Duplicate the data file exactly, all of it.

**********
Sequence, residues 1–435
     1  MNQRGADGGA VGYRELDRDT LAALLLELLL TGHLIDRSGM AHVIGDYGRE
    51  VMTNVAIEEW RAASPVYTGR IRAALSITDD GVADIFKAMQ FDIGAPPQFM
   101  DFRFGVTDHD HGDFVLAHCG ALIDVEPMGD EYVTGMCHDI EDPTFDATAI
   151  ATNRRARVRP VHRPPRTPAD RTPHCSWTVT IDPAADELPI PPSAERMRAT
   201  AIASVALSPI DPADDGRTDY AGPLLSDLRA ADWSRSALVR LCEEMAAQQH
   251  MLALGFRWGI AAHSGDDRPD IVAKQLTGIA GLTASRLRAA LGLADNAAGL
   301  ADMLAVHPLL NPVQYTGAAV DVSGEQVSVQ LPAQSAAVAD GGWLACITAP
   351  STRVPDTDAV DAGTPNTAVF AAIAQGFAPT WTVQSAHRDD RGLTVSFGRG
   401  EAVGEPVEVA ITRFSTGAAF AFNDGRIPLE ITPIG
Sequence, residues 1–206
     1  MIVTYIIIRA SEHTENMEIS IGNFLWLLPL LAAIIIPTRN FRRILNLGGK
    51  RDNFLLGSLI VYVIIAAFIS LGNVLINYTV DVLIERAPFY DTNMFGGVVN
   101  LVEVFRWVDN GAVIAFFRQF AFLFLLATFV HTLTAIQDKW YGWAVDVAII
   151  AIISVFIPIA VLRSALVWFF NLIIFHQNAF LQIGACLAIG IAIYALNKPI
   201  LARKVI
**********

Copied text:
Sequence, residues 1–435
     1  MNQRGADGGA VGYRELDRDT LAALLLELLL TGHLIDRSGM AHVIGDYGRE
    51  VMTNVAIEEW RAASPVYTGR IRAALSITDD GVADIFKAMQ FDIGAPPQFM
   101  DFRFGVTDHD HGDFVLAHCG ALIDVEPMGD EYVTGMCHDI EDPTFDATAI
   151  ATNRRARVRP VHRPPRTPAD RTPHCSWTVT IDPAADELPI PPSAERMRAT
   201  AIASVALSPI DPADDGRTDY AGPLLSDLRA ADWSRSALVR LCEEMAAQQH
   251  MLALGFRWGI AAHSGDDRPD IVAKQLTGIA GLTASRLRAA LGLADNAAGL
   301  ADMLAVHPLL NPVQYTGAAV DVSGEQVSVQ LPAQSAAVAD GGWLACITAP
   351  STRVPDTDAV DAGTPNTAVF AAIAQGFAPT WTVQSAHRDD RGLTVSFGRG
   401  EAVGEPVEVA ITRFSTGAAF AFNDGRIPLE ITPIG
Sequence, residues 1–206
     1  MIVTYIIIRA SEHTENMEIS IGNFLWLLPL LAAIIIPTRN FRRILNLGGK
    51  RDNFLLGSLI VYVIIAAFIS LGNVLINYTV DVLIERAPFY DTNMFGGVVN
   101  LVEVFRWVDN GAVIAFFRQF AFLFLLATFV HTLTAIQDKW YGWAVDVAII
   151  AIISVFIPIA VLRSALVWFF NLIIFHQNAF LQIGACLAIG IAIYALNKPI
   201  LARKVI